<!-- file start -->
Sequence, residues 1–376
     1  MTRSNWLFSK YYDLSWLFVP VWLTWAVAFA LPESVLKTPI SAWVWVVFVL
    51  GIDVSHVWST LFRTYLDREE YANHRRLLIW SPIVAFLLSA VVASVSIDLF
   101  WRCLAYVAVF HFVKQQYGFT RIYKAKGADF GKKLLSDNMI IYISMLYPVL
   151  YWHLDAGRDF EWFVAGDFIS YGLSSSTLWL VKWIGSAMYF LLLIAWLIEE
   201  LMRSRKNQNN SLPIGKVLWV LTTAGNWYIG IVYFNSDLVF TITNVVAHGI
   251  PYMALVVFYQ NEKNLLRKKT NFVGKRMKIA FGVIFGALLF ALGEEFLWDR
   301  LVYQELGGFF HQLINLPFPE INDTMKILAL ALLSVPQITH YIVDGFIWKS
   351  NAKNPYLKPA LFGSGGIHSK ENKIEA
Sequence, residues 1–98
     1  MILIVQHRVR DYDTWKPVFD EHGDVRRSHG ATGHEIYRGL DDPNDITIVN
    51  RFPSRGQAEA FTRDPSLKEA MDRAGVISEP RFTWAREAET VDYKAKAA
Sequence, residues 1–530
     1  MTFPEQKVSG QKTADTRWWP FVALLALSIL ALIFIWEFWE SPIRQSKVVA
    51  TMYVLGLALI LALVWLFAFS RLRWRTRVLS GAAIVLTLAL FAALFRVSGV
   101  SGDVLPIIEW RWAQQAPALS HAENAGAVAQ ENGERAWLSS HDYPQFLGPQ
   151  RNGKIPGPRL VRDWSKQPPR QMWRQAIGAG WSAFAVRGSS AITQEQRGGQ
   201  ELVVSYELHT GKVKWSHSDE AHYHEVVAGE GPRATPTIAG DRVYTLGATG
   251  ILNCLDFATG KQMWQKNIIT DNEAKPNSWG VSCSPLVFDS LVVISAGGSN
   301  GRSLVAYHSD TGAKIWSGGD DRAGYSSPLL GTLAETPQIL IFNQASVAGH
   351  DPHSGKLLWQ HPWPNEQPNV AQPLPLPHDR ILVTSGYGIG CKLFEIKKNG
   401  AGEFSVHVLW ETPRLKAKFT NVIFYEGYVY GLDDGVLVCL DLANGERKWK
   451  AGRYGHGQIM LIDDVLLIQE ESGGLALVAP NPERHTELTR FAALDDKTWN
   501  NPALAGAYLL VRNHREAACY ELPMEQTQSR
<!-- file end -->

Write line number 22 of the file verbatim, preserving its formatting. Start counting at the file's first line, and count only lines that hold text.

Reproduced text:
   401  AGEFSVHVLW ETPRLKAKFT NVIFYEGYVY GLDDGVLVCL DLANGERKWK